John Roebling


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Synonyms for John Roebling

United States engineer (born in Germany) who designed and began construction of the Brooklyn bridge (1806-1869)

References in periodicals archive ?
Given John Roebling's take-charge temperament, McCullough writes, "it was doubtless an infuriating experience, to be at the mercy of such elementary forces.
In the mid-19th century, ambitious engineer John Roebling dreamed of building a suspension bridge that would unite two parts of New York, then the fastest growing city in the world.
From the moment it took shape in the mind of its designer, John Roebling, it was loaded with symbolic meaning.
The fact that the Dig has no auteur, no counterparts to John Roebling and son, also speaks to contemporary taste.
First there was John Roebling, the engineer who dreamed of it, convinced the doubters that it was possible, but died before it could be started.
The true story of the conception and realization of a bridge that has become a cultural treasure is also the very human story of how John Roebling, his son, Washington Roebling, and his wife, Emily Warren Roebling, dealt with accidents and death, not to mention political corruption and greed, along with the physical and technical challenges of constructing the largest bridge in the world.
The Brown Decades pioneered the revivals of John Roebling, the builder of the Brooklyn Bridge, Albert Pinkham Ryder, the mystical artist, and Frederick Law Olmsted, the landscape architect, in the visual world, as did his writings on literature refresh the reputations of Melville and Emerson.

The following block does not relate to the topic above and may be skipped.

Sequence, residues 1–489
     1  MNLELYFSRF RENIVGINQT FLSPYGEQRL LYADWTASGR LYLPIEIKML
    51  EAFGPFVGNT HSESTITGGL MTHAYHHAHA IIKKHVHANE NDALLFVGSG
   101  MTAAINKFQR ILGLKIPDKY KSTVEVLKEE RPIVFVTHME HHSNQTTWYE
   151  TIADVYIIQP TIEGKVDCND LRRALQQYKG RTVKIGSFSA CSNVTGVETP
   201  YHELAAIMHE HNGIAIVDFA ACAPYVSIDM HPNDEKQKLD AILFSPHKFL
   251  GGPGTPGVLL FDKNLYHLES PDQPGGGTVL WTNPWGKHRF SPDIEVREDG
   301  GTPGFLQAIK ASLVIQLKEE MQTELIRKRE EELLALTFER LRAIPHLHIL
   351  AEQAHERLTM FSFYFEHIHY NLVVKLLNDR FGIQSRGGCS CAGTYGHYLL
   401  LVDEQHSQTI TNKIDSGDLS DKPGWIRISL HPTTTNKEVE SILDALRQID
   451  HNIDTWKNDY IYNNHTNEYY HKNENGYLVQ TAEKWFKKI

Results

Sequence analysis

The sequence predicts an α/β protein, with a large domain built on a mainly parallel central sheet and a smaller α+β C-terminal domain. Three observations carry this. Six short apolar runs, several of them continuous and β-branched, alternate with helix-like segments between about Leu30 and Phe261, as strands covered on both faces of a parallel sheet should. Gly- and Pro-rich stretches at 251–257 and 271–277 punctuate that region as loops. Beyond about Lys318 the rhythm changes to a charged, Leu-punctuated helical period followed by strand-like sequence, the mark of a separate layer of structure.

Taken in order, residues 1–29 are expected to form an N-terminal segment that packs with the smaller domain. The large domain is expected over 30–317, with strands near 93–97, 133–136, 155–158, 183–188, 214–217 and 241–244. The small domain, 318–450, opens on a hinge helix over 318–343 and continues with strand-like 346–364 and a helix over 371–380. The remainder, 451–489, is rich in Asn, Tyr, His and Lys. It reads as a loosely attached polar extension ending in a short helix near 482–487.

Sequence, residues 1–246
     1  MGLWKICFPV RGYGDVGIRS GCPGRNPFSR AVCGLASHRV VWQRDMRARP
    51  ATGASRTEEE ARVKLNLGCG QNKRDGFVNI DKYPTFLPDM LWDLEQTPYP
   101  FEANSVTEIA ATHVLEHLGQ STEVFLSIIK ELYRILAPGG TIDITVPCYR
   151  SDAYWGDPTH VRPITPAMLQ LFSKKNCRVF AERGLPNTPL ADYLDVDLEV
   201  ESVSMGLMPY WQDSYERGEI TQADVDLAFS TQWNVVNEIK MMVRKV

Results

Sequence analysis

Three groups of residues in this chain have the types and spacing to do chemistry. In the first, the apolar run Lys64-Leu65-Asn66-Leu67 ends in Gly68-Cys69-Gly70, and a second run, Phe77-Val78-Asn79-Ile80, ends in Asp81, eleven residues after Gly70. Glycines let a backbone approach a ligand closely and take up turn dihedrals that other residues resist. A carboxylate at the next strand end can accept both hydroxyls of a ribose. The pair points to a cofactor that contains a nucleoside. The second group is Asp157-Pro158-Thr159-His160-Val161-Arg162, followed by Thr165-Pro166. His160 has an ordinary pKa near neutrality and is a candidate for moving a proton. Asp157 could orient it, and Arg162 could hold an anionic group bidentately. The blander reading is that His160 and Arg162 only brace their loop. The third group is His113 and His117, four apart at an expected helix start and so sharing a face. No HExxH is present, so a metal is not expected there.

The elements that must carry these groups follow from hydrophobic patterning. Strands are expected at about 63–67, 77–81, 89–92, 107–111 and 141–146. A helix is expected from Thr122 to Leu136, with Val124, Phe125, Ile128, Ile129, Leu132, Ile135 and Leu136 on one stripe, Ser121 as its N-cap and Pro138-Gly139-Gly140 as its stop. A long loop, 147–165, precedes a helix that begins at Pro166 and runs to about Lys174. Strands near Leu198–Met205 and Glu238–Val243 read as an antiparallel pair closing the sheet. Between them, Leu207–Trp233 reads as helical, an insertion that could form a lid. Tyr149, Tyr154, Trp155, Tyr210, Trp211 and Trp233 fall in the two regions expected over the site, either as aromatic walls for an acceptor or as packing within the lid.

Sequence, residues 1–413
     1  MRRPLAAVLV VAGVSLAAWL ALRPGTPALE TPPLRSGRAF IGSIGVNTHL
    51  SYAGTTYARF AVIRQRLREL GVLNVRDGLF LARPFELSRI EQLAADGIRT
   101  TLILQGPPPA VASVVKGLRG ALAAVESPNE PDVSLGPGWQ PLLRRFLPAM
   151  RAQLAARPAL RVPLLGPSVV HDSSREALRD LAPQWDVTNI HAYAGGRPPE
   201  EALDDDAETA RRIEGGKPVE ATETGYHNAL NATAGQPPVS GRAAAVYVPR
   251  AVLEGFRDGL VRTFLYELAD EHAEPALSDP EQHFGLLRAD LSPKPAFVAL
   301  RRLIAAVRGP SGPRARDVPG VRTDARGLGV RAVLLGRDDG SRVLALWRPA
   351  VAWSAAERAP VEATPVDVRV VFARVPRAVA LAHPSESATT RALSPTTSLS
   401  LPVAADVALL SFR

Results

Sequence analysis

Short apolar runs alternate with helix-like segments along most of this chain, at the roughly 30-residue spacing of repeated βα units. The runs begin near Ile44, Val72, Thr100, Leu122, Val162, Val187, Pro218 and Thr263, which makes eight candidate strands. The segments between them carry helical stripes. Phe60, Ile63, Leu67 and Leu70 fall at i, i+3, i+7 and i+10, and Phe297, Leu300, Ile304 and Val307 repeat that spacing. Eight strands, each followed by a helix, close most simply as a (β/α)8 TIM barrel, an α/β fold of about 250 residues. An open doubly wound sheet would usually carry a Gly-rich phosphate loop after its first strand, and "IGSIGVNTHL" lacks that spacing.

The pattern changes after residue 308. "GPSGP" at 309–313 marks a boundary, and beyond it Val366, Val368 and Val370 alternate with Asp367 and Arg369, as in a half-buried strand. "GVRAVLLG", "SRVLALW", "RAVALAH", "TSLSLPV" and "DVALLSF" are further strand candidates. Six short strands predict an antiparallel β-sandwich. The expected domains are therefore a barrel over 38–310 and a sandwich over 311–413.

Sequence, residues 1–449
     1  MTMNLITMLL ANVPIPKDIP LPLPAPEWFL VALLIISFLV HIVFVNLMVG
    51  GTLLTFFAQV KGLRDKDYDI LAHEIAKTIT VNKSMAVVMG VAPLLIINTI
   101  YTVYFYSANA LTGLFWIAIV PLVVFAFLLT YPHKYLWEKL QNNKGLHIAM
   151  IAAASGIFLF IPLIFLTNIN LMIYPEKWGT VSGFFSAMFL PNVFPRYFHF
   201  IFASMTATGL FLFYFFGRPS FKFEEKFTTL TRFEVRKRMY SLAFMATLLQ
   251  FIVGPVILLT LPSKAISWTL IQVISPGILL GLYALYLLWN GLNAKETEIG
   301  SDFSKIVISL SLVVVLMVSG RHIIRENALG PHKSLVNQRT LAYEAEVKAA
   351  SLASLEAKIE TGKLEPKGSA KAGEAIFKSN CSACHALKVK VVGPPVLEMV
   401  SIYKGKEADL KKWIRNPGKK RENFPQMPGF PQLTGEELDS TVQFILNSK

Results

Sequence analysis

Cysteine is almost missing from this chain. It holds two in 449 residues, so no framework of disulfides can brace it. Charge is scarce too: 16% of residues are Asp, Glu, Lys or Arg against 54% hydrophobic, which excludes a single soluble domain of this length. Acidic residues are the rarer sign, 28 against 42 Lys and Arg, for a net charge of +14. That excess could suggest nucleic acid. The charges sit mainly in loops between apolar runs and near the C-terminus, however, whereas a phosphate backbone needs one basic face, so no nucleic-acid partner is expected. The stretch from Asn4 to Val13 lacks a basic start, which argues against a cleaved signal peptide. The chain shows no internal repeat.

Bridge-builder John Roebling and his son, Washington, who supervised most of the construction, had to fight the hardships of having to sink the foundation through caissons deep into the bedrock under New York's East River, including the dreaded bends caused by nitrogen bubbles in the bloodstream from the compressed air used to keep the waters from crushing the wooden structures; fires and explosions that set the schedule back time after tiem; bribery and corruption under the city's notorious Boss Tweed, leading to delivery of substandard building material; and the overwhelming challenge of erecting what was at the time the world's largest suspension bridge.
John Roebling's demanding, self-enforcing, and controlling personality proved to be Iris eventual death warrant.
To achieve status in any profession requires some of the same dedication and self-discipline that drove John Roebling to design the best American bridges of the mid- 19th century.
John Roebling established the suspension method as the preferred way of spanning long distances and greatly enhanced the worldwide reputation of American civil engineering.
The fact that said engineer was his father made for a complicated web of relationships; indeed, Washington and John Roeblings' lives and achievements were so intermingled that Washington's biography of his father was in part the story of his own life, much of it unhappy.